– Ed Yong, “Why Healthcare Workers are Quitting in Droves,” The Atlantic

The Punk Aesthetic and Writing

The whole point of punk was that you didn’t need anyone’s permission to make a racket and express yourself. Fuck the gatekeepers. Just do it. Want to start a band? Can’t play an instrument? Just get your mates together and fuck off!

Was most of it shite? Yeah, it was – but so what? Most of everything is shite anyway, isn’t it?

Surprisingly, however, some of it was good. Really good, in fact. There was a raw excitement, a palpable sense that this hadn’t been done before (not quite true, but let’s not digress). Out of this white-hot frenzy of youthful creation it turned out that craft wasn’t actually necessary to create art. Interesting, culture-shifting records were being made by people who had no qualifications except a burning desire to express something.

It turns out this is frowned upon in the writing world. There are unwritten but well understood standards as to what’s acceptable and what isn’t. “Bad” writing is frowned upon, something to be ashamed of. Craft and adhering to the traditions of “good” writing rules the day.

But why? Who says so?

Well, for starters, publishers and editors say so, and they are the gatekeepers in a world where the number of places to get published shrinks more every day.

Now, I’m a guy that likes craft. I love learning how to get better at something important to me, especially if it gives me more tools to create art. But I was a musician before becoming a writer, and I’m not sure I understand the disdain for writers who “don’t understand their craft.”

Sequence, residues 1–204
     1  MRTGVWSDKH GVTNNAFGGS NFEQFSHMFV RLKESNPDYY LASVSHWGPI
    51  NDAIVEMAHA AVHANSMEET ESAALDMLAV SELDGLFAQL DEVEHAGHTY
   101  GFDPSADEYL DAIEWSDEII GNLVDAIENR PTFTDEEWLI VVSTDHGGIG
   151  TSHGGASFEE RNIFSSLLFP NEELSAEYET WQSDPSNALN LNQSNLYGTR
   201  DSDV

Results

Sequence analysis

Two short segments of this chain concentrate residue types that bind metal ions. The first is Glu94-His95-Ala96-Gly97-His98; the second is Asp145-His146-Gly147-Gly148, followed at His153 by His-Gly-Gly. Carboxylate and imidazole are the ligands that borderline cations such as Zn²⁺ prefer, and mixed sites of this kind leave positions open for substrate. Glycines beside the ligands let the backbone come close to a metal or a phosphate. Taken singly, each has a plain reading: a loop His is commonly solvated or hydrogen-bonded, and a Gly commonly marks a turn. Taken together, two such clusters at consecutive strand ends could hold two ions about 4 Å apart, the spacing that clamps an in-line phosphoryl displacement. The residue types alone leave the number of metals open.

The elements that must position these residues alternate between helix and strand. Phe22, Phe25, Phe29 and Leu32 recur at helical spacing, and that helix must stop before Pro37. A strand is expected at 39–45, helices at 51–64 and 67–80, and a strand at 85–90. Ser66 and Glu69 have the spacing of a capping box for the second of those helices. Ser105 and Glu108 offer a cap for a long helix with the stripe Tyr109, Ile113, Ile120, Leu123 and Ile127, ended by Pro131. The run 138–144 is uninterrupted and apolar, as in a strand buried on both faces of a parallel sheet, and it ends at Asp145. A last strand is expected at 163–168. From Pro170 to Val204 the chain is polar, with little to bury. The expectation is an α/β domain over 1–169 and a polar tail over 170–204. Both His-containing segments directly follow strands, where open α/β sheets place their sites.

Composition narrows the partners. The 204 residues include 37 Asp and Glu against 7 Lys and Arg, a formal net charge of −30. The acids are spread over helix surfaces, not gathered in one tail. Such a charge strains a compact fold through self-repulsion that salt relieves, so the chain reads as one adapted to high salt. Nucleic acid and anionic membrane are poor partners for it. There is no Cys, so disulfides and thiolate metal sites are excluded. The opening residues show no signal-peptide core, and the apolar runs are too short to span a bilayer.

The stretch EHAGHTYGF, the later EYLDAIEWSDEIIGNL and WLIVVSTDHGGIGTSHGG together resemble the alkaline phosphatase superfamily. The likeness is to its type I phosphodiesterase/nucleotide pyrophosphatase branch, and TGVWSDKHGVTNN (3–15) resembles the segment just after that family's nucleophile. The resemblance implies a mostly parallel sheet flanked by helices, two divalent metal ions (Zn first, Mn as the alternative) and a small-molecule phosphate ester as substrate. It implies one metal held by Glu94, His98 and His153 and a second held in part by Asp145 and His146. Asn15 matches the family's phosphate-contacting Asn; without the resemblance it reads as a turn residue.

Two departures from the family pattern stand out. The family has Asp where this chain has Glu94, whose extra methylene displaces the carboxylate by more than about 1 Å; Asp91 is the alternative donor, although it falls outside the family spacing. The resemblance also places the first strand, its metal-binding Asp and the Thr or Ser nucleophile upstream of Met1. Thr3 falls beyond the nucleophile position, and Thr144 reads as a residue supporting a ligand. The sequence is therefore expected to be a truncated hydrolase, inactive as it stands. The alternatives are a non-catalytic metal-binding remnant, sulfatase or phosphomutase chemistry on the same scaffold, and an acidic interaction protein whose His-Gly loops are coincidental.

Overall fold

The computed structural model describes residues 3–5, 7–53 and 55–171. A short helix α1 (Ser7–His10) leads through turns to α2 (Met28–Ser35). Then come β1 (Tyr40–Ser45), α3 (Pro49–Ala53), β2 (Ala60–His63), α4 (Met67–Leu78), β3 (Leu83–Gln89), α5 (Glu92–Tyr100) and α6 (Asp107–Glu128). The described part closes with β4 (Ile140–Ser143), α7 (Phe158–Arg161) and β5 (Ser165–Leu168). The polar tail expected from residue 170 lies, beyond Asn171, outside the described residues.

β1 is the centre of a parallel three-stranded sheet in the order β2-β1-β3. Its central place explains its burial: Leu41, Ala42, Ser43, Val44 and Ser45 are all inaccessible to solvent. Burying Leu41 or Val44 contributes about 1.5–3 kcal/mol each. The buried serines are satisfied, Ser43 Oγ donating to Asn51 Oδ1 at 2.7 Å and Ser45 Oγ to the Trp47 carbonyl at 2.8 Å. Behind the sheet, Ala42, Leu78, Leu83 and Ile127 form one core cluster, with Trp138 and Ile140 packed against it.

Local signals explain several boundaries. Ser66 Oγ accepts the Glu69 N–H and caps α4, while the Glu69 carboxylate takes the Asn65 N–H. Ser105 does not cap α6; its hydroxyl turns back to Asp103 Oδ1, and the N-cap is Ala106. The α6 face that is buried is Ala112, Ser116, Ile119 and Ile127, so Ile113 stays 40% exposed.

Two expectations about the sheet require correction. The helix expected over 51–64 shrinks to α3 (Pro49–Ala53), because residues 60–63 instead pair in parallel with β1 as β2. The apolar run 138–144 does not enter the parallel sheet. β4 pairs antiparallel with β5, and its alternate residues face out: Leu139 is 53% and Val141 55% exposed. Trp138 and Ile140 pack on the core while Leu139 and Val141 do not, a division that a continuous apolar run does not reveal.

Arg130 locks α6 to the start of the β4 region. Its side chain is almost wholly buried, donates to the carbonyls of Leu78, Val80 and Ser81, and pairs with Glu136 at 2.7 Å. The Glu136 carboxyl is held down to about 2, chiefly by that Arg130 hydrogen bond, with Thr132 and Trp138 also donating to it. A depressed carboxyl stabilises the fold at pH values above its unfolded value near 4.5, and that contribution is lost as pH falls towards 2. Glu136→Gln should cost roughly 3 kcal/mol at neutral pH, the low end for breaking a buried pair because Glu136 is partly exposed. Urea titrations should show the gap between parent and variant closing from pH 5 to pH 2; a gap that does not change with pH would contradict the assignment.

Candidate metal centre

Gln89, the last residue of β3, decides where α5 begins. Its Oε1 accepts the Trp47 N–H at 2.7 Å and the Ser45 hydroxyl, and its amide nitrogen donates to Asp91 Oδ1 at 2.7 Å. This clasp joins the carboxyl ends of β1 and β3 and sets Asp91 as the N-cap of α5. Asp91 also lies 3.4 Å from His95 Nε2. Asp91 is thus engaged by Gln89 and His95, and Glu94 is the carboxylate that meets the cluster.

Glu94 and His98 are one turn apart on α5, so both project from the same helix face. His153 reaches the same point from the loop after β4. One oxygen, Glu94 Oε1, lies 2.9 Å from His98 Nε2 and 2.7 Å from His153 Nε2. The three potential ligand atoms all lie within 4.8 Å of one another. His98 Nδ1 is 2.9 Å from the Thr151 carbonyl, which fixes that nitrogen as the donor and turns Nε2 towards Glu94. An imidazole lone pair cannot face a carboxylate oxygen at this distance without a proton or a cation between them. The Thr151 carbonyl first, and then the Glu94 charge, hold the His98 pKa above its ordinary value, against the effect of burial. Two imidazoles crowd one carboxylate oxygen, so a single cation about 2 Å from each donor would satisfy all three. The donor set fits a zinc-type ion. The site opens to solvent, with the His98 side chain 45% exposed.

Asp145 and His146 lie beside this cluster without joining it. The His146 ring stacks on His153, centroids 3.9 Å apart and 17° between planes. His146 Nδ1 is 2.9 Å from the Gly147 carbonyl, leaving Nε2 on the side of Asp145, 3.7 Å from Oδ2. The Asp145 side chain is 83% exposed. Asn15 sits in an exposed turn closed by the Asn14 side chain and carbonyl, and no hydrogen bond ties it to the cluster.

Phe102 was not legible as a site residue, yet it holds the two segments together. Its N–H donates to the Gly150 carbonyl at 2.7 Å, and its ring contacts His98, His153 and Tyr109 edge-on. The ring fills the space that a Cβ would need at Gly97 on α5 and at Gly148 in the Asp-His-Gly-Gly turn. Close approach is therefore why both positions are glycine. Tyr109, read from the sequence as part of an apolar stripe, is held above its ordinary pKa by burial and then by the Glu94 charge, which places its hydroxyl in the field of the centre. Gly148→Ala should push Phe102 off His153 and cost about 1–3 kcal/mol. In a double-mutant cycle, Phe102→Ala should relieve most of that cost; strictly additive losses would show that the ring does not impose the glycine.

Craft isn’t everything. And here’s an uncomfortable news flash for those who think it is.

Sometimes, the angry punk with no craft at all is the one that comes up with an entirely new form of expression. Completely original because they had absolutely no idea what the fuck they were doing when they made it.

Where are those writers? Not saying that’s all I want to read, but I’m always game for something new. Who’s publishing the weird primitive shit?

Where are the punk writers?

Expressions to be Retired (Part 1)

“Fine.” Parky’s voice was rising in pitch, the words sounding as if each one was trying to overtake the next. “Everything’s fine!”

OK. Let me be clear. If I was made king of something or other, this word would immediately and forever be off-limits, verboten, finished. Use of it in any script, short story, or novel would result in punishment by death for even thinking it would be a good idea to write it down and have a character say it.

So, no – everything is not fine. In fact, it never was fine, and I’m quite confident it will never be fine at any point in the future.

So for God’s sake, give it a rest.

Note: please pass this on to someone else so the rest of the world can get the memo.

Fine stops here.